I know the world is unyielding and cold, and it can hurt you beyond measure.
Death can change a person though, without ending them, and this is the saddest and most essential lesson that all of us have to learn to survive.
I’m going to hate that this is my opening paragraph and I’ll tell you why in a minute. But, for the sake of starting this, let’s just get it over with: another person from my hometown recently died from a drug overdose.
If you live long enough, you’ll eventually lose someone who you love. For me, it happened over Christmas break when I was a sophomore in college. Her name is Chase Parr.
Words are powerful, and they can help us heal broken hearts and broken spirits.
You closed your eyes, and drifted in and out of sleep. I sat by your side, alert. I was ready to be whatever you needed.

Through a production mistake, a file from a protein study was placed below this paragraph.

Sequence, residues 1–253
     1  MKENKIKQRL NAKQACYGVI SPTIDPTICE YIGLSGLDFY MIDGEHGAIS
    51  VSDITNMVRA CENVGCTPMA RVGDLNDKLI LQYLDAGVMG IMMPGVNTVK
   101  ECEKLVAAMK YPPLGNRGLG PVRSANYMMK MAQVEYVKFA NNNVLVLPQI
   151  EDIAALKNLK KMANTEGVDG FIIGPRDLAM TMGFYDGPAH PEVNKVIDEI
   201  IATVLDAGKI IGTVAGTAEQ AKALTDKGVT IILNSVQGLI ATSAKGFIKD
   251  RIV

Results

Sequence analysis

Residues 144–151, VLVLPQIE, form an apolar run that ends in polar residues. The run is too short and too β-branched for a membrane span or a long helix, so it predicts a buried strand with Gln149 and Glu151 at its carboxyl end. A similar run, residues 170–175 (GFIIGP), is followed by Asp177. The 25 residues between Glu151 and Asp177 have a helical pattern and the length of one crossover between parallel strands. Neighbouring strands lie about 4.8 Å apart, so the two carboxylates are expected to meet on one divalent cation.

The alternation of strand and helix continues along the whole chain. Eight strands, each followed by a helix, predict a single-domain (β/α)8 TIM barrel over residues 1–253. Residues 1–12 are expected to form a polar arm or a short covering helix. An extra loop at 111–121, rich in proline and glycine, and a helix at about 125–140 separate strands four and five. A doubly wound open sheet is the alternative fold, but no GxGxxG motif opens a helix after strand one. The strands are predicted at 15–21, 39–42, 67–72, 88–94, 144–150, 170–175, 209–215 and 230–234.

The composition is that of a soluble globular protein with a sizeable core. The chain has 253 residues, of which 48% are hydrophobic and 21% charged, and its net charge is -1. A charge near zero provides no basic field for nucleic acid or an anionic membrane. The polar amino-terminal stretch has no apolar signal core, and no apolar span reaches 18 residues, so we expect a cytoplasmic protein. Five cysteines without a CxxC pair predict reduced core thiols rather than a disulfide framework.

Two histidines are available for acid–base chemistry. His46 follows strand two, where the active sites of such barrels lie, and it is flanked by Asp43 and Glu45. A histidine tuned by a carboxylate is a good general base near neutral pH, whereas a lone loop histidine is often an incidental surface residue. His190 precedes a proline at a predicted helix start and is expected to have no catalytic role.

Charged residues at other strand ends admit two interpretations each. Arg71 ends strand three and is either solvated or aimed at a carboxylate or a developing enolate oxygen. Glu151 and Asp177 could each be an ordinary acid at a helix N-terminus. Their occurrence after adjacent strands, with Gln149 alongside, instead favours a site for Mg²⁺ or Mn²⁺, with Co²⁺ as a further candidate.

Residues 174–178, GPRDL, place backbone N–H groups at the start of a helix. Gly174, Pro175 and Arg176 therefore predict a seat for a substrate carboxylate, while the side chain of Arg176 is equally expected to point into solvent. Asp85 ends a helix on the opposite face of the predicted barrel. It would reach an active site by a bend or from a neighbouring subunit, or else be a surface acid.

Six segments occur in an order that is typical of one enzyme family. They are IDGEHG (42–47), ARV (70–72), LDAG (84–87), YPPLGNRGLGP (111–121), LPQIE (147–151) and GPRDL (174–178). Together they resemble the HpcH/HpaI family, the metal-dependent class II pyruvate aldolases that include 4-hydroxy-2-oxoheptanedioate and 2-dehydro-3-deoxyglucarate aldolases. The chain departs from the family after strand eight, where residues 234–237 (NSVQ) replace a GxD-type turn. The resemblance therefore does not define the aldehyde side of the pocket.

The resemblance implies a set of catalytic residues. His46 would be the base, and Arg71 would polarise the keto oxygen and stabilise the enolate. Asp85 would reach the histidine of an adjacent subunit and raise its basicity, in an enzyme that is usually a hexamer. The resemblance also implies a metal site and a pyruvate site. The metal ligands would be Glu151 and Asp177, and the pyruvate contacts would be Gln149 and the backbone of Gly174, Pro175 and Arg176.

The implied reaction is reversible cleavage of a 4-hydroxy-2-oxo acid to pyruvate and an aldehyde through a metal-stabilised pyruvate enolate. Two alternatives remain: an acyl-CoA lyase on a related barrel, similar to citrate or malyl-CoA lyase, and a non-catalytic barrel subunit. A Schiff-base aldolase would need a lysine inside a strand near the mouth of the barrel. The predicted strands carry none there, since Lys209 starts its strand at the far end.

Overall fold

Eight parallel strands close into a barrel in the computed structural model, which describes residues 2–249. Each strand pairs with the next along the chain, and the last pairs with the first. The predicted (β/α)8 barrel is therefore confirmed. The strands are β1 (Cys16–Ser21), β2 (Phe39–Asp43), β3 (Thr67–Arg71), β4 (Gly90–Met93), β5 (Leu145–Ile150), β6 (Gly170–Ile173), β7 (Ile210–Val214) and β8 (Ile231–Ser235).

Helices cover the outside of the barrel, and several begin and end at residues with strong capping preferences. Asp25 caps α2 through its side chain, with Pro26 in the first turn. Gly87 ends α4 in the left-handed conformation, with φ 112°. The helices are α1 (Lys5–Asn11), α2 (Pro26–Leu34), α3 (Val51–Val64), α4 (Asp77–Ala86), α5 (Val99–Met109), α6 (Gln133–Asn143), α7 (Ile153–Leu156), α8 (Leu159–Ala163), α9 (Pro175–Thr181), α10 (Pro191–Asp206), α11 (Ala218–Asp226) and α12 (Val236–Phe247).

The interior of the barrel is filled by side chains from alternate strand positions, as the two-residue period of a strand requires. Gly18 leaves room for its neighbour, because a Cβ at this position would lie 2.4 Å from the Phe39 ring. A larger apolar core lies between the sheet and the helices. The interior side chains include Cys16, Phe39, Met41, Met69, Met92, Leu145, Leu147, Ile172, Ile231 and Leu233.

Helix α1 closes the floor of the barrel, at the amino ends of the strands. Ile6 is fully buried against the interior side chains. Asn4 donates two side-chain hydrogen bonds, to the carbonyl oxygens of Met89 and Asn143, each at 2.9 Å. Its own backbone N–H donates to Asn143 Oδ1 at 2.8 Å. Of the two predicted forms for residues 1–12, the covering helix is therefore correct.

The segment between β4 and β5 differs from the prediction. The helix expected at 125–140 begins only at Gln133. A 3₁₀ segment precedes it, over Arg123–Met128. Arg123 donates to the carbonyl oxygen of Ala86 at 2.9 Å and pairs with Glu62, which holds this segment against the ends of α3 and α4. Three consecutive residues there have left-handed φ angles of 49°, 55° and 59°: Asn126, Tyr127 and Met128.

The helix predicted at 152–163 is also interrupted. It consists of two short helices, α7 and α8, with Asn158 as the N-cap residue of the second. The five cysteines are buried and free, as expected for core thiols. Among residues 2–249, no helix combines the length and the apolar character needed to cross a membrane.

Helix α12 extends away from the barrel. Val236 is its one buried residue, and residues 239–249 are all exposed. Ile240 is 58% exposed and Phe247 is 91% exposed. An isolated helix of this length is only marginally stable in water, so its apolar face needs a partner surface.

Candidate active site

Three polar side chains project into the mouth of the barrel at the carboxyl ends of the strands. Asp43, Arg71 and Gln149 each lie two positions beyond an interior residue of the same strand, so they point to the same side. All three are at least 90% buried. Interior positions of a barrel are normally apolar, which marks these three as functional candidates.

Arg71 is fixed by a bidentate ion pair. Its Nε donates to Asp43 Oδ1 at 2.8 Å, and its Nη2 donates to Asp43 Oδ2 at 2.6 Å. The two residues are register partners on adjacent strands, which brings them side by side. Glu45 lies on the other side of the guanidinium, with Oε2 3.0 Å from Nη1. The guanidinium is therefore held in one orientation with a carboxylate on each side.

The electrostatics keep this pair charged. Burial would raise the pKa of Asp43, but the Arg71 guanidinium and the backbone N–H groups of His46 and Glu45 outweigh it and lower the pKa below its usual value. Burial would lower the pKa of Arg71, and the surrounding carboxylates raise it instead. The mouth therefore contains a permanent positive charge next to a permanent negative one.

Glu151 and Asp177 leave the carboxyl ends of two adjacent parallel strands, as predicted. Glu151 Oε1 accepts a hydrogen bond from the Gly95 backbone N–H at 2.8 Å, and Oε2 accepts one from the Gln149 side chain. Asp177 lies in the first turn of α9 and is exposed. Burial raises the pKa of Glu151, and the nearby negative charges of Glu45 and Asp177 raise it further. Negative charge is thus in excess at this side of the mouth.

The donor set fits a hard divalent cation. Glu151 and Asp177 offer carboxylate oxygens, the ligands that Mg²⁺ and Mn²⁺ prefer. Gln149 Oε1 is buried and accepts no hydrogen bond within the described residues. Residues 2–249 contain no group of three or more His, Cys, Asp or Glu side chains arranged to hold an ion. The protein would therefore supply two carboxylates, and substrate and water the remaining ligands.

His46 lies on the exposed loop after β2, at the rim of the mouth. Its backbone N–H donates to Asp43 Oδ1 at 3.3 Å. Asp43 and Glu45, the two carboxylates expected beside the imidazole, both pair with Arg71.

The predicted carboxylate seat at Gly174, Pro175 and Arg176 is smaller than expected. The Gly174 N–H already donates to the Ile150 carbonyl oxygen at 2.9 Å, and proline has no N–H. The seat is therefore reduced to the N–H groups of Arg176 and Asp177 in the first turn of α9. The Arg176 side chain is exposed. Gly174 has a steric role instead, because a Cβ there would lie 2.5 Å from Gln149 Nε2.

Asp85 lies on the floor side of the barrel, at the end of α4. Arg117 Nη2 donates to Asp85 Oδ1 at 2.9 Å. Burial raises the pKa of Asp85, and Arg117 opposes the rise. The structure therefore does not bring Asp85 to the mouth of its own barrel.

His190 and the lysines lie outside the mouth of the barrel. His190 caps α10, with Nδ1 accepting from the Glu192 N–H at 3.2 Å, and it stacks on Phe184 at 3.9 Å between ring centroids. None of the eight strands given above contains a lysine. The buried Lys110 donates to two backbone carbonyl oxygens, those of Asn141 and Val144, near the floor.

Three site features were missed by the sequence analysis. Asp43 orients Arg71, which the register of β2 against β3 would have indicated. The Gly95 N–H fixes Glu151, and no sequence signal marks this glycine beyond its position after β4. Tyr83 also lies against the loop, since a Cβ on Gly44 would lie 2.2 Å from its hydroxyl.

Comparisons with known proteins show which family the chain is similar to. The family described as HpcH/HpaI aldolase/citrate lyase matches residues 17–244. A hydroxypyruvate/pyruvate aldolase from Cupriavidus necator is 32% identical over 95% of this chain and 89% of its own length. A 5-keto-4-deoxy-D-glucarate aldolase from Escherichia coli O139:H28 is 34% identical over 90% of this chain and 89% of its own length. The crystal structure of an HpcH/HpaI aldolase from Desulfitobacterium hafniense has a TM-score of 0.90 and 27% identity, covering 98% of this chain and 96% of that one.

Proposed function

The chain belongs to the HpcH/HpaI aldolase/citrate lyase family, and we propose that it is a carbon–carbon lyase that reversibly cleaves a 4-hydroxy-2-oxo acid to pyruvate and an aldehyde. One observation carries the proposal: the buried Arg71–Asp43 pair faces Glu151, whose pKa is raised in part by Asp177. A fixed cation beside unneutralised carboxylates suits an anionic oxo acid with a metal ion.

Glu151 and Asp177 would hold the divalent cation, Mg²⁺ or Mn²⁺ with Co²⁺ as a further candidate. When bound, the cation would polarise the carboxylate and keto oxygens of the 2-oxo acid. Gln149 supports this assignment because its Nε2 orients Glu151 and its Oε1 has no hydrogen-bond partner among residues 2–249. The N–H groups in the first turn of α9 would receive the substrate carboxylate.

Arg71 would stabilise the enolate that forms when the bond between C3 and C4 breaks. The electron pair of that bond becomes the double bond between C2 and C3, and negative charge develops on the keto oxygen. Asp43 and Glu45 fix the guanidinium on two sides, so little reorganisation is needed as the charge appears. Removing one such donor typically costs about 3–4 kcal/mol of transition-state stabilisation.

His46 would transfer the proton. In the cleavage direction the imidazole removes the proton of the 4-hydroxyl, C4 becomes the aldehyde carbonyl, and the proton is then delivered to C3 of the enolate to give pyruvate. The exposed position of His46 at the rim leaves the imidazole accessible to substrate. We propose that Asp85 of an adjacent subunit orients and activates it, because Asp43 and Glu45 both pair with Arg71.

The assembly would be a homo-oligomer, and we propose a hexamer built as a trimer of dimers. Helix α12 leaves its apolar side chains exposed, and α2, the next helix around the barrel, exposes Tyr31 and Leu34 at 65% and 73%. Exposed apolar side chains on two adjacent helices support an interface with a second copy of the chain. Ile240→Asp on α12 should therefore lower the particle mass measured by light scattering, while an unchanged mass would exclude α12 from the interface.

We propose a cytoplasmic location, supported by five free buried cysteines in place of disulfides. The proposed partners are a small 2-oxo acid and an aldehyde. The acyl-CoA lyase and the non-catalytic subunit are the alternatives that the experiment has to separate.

About six weeks later, back in our apartment in Chicago, after a few sessions of therapy and countless hours of fighting and crying we sat on the couch and he said simply, “I don’t want to be with you anymore”.
For a long time, I had wondered how cremation looked like. You see, my grandparents were cremated, but I had never been able to see how it was done.
As I light a memorial candle in remembrance of my grandmother, I recall her legacy amongst those close to her. She is known for her sense of style, outgoing personality, and interesting use of humor.
The living’s words of condolences bring no comfort, but only serve as a constant reminder and reassurance of what he has touched and taken.